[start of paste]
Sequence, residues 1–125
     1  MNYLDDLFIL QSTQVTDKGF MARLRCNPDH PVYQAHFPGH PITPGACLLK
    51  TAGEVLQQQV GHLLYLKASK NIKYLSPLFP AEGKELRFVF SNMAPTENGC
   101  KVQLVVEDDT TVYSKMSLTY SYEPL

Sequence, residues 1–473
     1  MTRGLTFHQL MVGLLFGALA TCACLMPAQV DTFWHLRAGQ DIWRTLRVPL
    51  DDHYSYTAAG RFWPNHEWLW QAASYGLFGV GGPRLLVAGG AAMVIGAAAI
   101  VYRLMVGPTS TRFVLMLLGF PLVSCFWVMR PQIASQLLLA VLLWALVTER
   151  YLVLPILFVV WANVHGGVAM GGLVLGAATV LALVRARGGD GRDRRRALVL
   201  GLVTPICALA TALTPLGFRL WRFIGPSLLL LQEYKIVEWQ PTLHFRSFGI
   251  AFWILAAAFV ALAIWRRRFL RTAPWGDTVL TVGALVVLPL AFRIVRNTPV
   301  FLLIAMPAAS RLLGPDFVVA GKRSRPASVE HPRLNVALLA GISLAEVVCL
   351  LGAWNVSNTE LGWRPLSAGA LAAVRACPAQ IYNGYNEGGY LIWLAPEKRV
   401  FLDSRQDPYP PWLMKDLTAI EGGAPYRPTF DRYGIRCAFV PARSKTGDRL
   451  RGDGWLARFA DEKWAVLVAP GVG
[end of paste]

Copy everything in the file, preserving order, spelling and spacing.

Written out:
Sequence, residues 1–125
     1  MNYLDDLFIL QSTQVTDKGF MARLRCNPDH PVYQAHFPGH PITPGACLLK
    51  TAGEVLQQQV GHLLYLKASK NIKYLSPLFP AEGKELRFVF SNMAPTENGC
   101  KVQLVVEDDT TVYSKMSLTY SYEPL

Sequence, residues 1–473
     1  MTRGLTFHQL MVGLLFGALA TCACLMPAQV DTFWHLRAGQ DIWRTLRVPL
    51  DDHYSYTAAG RFWPNHEWLW QAASYGLFGV GGPRLLVAGG AAMVIGAAAI
   101  VYRLMVGPTS TRFVLMLLGF PLVSCFWVMR PQIASQLLLA VLLWALVTER
   151  YLVLPILFVV WANVHGGVAM GGLVLGAATV LALVRARGGD GRDRRRALVL
   201  GLVTPICALA TALTPLGFRL WRFIGPSLLL LQEYKIVEWQ PTLHFRSFGI
   251  AFWILAAAFV ALAIWRRRFL RTAPWGDTVL TVGALVVLPL AFRIVRNTPV
   301  FLLIAMPAAS RLLGPDFVVA GKRSRPASVE HPRLNVALLA GISLAEVVCL
   351  LGAWNVSNTE LGWRPLSAGA LAAVRACPAQ IYNGYNEGGY LIWLAPEKRV
   401  FLDSRQDPYP PWLMKDLTAI EGGAPYRPTF DRYGIRCAFV PARSKTGDRL
   451  RGDGWLARFA DEKWAVLVAP GVG